17. ^  Symantec Security Response. (2011, November). W32.Duqu: The precursor to the next Stuxnet. Retrieved September 17, 2015.
  1. ^  F-Secure Labs. (2015, September 17). The Dukes: 7 years of Russian cyberespionage. Retrieved December 10, 2015.
  2. ^  Baumgartner, K., Golovkin, M.. (2015, May). The MsnMM Campaigns: The Earliest Naikon APT Campaigns. Retrieved December 17, 2015.
  3. ^  ClearSky. (2016, January 7). Operation DustySky. Retrieved January 8, 2016.
  4. ^  Falcone, R. and Miller-Osborn, J.. (2016, January 24). Scarlet Mimic: Years-Long Espionage Campaign Targets Minority Activists. Retrieved February 10, 2016.
  5. ^  Yadav, A., et al. (2016, January 29). Malicious Office files dropping Kasidet and Dridex. Retrieved March 24, 2016.
  6. ^  Baumgartner, K. and Garnaeva, M.. (2014, November 3). BE2 custom plugins, router abuse, and target profiles. Retrieved March 24, 2016.
  7. ^  Ray, V., Hayashi, K. (2016, February 29). New Malware ‘Rover’ Targets Indian Ambassador to Afghanistan. Retrieved February 29, 2016.
  8. ^  Cherepanov, A.. (2016, May 17). Operation Groundbait: Analysis of a surveillance toolkit. Retrieved May 18, 2016.
  9. ^  Symantec Security Response. (2016, August 8). Backdoor.Remsec indicators of compromise. Retrieved August 17, 2016.
  10. ^  Kaspersky Lab's Global Research & Analysis Team. (2016, August 9). The ProjectSauron APT. Technical Analysis. Retrieved August 17, 2016.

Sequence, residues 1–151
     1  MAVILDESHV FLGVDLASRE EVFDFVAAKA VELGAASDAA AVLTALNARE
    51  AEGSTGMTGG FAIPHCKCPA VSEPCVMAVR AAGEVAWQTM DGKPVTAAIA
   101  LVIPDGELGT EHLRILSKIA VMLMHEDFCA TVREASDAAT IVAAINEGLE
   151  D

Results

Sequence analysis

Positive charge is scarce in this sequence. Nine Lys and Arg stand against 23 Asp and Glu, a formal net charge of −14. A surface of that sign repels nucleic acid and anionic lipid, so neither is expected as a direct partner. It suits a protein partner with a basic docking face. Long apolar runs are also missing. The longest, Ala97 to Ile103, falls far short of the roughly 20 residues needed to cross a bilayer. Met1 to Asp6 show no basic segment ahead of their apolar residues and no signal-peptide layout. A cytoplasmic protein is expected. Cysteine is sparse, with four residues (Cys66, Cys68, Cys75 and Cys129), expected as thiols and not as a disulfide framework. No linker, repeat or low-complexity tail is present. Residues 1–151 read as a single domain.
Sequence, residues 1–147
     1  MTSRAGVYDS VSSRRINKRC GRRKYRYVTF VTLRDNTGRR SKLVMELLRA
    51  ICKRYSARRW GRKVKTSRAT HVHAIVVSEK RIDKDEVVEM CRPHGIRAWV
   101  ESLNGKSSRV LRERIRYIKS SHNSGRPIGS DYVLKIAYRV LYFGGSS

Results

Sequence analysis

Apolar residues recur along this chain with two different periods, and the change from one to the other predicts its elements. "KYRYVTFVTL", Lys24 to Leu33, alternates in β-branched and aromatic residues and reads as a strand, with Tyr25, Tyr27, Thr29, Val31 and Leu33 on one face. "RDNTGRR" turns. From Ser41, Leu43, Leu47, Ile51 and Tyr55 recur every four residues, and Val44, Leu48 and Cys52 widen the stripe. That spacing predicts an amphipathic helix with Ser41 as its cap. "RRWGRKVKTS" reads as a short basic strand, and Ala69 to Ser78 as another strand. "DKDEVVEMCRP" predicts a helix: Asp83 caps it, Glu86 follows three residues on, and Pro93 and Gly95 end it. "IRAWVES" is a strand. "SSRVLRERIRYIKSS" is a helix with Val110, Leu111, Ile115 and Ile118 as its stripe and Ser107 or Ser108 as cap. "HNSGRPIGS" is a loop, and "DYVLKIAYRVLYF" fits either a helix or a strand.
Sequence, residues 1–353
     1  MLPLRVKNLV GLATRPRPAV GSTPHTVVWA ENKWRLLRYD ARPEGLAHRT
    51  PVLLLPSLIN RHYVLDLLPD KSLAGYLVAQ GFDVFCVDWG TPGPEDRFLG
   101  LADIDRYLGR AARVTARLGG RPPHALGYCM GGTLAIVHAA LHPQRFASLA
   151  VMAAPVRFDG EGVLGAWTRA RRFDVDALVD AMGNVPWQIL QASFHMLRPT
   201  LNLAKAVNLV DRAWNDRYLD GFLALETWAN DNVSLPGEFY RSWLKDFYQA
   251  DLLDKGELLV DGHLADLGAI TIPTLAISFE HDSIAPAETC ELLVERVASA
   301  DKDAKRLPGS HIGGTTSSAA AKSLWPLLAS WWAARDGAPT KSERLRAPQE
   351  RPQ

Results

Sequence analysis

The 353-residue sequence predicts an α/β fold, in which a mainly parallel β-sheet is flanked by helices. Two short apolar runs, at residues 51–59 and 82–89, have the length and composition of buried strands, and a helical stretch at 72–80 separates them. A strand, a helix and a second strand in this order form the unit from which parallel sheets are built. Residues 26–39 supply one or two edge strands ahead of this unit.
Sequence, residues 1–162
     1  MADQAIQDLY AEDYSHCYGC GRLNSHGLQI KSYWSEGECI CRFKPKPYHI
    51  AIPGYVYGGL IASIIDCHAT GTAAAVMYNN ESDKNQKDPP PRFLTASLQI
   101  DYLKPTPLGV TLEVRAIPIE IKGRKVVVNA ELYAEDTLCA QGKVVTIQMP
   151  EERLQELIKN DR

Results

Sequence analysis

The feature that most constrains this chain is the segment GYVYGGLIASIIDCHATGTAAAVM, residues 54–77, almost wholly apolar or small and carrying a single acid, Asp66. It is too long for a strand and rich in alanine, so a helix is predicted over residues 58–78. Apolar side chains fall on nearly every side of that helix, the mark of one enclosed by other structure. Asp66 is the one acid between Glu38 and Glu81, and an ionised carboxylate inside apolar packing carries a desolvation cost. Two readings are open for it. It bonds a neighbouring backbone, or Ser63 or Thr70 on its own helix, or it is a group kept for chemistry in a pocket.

11. a b  Settle, A., et al. (2016, August 8). MONSOON - Analysis Of An APT Campaign. Retrieved September 22, 2016.
  12. ^  Beechey, J. (2010, December). Application Whitelisting: Panacea or Propaganda?. Retrieved November 18, 2014.
  13. ^  Tomonaga, S. (2016, January 26). Windows Commands Abused by Attackers. Retrieved February 2, 2016.
  14. ^  NSA Information Assurance Directorate. (2014, August). Application Whitelisting Using Microsoft AppLocker. Retrieved March 31, 2016.
  15. ^  Corio, C., & Sayana, D. P. (2008, June). Application Lockdown with Software Restriction Policies. Retrieved November 18, 2014.
  16. ^  Microsoft. (2012, June 27). Using Software Restriction Policies and AppLocker Policies. Retrieved April 7, 2016.